Independence Hall

Washington-on-the-Brazos State Historic Site is home to Independence Hall, a recreation of the building where delegates signed the Texas Declaration of Independence. Photo by Will van Overbeek.

We’ll never forget the Alamo, of course, but the same may not be said for Washington-on -the-Brazos, where Texans adopted a Declaration of Independence from Mexico on March 2, 1836. The makers of a new documentary, Independence! A Lone Star Rises, aim to make sure we never forget Washington-on-the Brazos, either.

“When we talk about the Texas Revolution, Washington-on-the-Brazos and its role is oftentimes overlooked,” says Jonathan Failor, superintendent of Washington-on-the-Brazos State Historic Site. “The Alamo and dramatic events like battles naturally draw more attention. But what we’re talking about here is the political end of the story. It’s the story of 59 individuals from different backgrounds who came together in the name of liberty and independence to create a nation that really changed the world.”

The 25-minute documentary will be released online for free viewing on March 31. It presents a dramatic retelling of the Convention of 1836, where the declaration was penned, as seen through the eyes of two present-day youths. The project was the brainchild of Failor and his assistant superintendent, Rachel Flinn.

Every October, Failor and Flinn start planning for the annual Texas Independence Day celebration in March, which draws up to 10,000 people to Washington-on-the-Brazos. This past year, they realized that COVID-19 would require a change of plans, and they came up with the idea of producing a film instead. Within two months, they had partnered with producer and director Gary Foreman of Native Sun Productions and had a script and the promise of funding from the Washington on the Brazos Historical Foundation.

Originally, they had planned to release the film on March 2 in honor of Texas Independence Day, but a COVID outbreak among the crew and winter storm Uri forced a delay. They filmed all of the scenes over the course of just two days in late February at the Washington-on-the-Brazos State Historic Site, using locals and historical reenactors for the cast—including Failor, who portrays David G. Burnet, first president of the Republic of Texas.

Independence! A Lone Star Rises premieres free online on March 31 starting at 10 a.m., with encore presentations at 1 p.m. and 7 p.m., on the Washington-on-the-Brazos Historical Foundation, Washington-on-the-Brazos State Historic Site, and Texas Historical Commission Facebook pages as well as the Texas Historical Commission YouTube channel. It will also be screened on demand at the Star of the Republic Museum at Washington-on-the-Brazos State Historic Site.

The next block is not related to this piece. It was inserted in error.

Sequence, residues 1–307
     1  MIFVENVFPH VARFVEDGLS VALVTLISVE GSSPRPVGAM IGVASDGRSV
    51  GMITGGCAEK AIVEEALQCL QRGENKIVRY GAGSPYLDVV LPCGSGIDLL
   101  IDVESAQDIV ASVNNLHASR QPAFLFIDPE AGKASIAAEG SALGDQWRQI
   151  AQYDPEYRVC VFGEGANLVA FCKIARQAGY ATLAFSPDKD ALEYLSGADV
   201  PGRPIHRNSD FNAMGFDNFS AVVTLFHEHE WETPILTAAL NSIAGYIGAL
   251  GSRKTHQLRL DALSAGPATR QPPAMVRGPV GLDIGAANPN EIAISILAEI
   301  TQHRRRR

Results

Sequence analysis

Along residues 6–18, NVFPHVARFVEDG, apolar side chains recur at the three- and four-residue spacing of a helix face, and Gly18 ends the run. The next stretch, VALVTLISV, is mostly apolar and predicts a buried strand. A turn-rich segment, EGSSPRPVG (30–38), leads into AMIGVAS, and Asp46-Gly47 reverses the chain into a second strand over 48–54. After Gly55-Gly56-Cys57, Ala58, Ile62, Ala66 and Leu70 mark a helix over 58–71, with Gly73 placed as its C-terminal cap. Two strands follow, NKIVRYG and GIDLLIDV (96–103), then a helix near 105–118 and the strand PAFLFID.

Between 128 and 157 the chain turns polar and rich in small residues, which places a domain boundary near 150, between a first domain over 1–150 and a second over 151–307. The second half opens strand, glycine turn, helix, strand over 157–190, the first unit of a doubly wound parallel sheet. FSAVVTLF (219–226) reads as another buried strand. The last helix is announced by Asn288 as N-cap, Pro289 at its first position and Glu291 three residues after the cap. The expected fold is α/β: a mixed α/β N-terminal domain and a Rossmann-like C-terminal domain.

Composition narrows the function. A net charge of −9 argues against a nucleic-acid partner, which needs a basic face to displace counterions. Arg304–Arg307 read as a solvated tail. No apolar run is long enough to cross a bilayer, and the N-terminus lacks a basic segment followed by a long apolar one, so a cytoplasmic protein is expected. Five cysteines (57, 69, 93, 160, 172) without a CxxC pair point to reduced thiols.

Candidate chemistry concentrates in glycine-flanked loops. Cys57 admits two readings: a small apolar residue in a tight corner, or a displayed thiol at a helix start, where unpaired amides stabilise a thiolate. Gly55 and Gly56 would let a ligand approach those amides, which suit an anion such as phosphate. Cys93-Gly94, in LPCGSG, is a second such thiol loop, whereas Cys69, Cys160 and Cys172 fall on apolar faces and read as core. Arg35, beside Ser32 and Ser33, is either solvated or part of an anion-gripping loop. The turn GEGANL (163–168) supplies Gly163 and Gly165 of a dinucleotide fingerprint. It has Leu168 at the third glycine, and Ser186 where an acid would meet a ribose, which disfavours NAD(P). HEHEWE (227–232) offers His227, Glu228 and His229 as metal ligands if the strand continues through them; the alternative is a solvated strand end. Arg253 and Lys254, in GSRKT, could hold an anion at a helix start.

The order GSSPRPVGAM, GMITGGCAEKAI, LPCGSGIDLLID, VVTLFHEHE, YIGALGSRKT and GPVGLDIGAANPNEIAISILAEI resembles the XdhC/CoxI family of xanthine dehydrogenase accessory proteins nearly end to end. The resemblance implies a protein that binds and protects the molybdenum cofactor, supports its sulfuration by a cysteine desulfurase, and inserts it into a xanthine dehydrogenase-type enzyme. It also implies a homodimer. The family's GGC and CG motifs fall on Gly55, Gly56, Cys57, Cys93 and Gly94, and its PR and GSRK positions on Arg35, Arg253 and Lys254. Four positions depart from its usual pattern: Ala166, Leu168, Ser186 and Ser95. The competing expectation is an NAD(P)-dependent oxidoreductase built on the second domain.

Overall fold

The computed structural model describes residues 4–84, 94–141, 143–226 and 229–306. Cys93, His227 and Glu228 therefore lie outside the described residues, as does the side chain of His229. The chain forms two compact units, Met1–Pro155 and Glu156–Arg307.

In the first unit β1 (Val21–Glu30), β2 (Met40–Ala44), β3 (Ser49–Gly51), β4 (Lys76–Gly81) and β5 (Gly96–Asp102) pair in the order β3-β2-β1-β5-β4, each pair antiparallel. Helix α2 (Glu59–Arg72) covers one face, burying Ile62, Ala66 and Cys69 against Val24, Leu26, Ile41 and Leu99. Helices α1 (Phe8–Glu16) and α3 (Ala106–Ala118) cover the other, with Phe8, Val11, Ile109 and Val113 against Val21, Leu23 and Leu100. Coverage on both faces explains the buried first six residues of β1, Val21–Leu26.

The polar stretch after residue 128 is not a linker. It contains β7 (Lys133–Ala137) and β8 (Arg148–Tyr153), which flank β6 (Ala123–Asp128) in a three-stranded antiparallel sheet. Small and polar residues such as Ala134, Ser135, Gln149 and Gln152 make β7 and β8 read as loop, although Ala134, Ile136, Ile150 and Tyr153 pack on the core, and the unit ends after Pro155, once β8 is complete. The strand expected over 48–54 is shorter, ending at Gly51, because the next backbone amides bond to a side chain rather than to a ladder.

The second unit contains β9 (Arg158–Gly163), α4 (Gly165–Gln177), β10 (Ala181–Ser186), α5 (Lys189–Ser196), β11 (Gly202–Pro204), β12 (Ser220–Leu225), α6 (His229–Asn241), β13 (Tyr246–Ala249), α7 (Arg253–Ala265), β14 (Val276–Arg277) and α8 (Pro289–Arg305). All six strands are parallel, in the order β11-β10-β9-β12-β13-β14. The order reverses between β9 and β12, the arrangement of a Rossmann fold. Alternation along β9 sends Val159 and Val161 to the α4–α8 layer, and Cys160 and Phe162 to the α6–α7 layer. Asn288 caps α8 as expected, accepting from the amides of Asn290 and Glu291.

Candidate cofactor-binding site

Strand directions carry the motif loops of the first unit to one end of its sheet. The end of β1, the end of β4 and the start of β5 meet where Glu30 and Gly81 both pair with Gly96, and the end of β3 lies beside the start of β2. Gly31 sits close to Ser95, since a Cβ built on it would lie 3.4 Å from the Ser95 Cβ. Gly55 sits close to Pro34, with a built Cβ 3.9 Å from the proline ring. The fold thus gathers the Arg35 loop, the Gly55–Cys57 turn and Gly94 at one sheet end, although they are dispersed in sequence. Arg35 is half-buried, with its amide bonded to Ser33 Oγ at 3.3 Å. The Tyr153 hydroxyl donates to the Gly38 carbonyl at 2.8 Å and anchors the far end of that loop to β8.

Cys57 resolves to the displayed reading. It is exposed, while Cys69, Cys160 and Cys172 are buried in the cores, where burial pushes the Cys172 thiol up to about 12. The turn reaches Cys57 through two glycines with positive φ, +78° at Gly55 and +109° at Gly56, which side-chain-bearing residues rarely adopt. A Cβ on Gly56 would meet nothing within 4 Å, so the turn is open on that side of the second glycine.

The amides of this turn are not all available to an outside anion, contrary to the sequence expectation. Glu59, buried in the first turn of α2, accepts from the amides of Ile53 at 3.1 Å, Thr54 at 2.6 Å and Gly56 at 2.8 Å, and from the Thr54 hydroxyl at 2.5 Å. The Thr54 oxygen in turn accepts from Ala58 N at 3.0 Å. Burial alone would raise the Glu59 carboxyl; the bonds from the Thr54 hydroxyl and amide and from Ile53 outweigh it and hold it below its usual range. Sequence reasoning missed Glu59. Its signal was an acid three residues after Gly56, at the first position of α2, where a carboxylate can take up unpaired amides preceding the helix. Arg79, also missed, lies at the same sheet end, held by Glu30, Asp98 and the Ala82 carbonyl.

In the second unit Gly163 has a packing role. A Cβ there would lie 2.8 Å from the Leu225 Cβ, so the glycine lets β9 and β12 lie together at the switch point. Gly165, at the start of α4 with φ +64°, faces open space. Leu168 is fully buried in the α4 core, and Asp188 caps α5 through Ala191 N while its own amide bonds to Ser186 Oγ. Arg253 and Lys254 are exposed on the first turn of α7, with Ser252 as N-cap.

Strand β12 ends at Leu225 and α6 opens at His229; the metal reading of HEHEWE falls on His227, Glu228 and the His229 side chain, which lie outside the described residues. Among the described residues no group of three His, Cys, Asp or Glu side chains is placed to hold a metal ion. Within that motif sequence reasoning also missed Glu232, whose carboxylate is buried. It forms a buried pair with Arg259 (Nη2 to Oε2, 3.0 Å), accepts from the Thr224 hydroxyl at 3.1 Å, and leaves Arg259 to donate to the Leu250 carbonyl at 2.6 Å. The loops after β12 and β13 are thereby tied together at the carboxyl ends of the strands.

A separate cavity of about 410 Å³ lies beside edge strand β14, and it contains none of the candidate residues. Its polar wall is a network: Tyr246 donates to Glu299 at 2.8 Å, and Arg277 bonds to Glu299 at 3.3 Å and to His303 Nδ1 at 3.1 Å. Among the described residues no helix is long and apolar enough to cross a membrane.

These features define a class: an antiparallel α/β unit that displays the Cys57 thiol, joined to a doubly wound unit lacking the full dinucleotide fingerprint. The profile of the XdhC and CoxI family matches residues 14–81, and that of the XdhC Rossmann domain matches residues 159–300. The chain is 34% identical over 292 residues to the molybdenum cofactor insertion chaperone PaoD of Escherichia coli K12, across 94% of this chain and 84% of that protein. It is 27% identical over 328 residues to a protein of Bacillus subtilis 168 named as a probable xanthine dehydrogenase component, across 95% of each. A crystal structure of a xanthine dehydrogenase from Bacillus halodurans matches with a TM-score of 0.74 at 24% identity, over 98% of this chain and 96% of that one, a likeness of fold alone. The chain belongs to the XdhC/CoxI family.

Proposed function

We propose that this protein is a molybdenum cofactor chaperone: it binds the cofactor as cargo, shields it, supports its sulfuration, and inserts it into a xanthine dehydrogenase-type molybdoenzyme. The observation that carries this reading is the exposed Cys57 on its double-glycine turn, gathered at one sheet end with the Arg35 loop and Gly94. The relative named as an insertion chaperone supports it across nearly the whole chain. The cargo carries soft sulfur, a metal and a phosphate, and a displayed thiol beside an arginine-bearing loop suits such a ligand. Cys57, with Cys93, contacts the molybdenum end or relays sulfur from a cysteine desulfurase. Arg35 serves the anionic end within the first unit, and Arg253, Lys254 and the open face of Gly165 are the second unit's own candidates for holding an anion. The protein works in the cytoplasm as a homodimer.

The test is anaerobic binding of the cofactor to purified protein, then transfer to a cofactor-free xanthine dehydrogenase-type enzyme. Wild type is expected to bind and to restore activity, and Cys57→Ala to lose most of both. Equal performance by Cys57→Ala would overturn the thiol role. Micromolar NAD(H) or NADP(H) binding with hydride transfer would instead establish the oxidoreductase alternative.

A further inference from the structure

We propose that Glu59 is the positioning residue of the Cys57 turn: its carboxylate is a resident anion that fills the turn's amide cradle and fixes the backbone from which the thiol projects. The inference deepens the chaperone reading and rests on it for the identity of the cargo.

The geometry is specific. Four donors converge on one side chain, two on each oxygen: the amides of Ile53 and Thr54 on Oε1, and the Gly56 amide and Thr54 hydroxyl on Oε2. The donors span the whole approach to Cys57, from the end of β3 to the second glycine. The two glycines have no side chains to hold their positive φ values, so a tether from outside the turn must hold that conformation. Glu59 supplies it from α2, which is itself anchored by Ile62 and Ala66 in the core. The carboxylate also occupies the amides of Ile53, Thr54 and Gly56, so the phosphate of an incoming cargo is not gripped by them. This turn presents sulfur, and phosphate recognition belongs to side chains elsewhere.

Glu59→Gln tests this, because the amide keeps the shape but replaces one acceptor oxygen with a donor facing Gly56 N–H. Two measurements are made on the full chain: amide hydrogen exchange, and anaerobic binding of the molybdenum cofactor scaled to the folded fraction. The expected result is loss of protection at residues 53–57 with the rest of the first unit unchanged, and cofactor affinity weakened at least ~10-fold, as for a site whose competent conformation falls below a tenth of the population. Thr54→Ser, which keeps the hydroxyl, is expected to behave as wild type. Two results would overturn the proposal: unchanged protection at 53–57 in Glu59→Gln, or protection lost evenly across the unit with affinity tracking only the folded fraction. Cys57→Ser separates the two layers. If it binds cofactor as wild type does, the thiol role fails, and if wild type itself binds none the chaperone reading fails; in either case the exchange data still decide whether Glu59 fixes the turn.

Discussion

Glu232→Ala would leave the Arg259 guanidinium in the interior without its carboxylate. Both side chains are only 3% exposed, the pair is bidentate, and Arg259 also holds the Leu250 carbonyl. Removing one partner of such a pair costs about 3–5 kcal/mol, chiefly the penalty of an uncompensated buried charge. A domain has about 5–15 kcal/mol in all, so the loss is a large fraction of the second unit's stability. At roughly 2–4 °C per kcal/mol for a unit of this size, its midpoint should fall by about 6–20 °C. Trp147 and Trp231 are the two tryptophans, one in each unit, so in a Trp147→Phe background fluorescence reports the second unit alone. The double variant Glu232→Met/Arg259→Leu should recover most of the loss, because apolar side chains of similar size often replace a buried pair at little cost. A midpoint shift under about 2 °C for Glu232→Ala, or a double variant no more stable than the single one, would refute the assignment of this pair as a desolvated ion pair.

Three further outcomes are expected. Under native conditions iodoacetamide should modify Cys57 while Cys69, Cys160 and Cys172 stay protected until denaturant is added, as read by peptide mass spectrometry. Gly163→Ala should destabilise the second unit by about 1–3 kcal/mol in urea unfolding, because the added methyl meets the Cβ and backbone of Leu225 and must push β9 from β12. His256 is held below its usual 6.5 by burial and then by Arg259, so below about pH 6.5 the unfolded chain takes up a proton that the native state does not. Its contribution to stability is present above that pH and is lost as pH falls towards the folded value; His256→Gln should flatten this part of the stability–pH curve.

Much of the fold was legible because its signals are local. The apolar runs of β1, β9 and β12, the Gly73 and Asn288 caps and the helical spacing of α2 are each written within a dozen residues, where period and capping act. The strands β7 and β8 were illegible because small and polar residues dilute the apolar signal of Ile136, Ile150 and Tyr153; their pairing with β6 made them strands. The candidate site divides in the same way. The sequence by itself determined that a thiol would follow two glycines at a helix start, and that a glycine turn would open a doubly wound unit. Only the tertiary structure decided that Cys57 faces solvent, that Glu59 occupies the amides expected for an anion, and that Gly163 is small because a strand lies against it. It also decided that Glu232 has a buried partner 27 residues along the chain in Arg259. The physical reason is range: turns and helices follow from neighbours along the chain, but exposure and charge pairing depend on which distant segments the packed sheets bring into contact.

5 Little-Known Facts about the Texas Declaration of Independence

Washington-on-the-Brazos, which is located about 20 miles northeast of Brenham, was the site where delegates adopted the Texas Declaration of Independence from Mexico on March 2, 1836. Jonathan Failor, superintendent of Washington-on-the-Brazos State Historic Site, shares some little-known facts about the historic events that unfolded there.

  1. The Convention of 1836 was supposed to last three months so that the delegates would have plenty of time to declare independence and write a constitution. Yet, because of the fall of the Alamo on March 6, they rushed to finish their work in just 17 days.
  2. Only about 40 of the 59 elected delegates were present on March 2 to sign the Declaration of Independence. The rest arrived over the course of the subsequent 11 days. The last to sign were James B. Woods from Liberty and Andrew Briscoe from Harrisburg on March 11. Most of them were young: 40 of the delegates were under the age of 40.
  3. The Declaration of Independence had to be written three different times before it was signed. Many suspect the primary author, George Childress, arrived with most of it already written. The delegates then decided to rewrite to correct grammar and spelling mistakes, and then again for poor penmanship.
  4. Two of the delegates were native Texans: José Antonio Navarro and his uncle José Francisco Ruiz, both of San Antonio. The rest were delegates who had immigrated to Texas, some only a few weeks or months before the start of the convention.
  5. Washington (as it was then known) was an unlikely spot to hold the convention. The town was selected because its citizens offered the delegates the use of an unfinished store building as a free meeting space. The building was torn down sometime in the 1850s; Independence Hall is a faithful replica of that structure and situated on its original location within what is now the Washington-on-the-Brazos State Historic Site.
The June 2024 cover of Texas Highways: Treasures from the Coast

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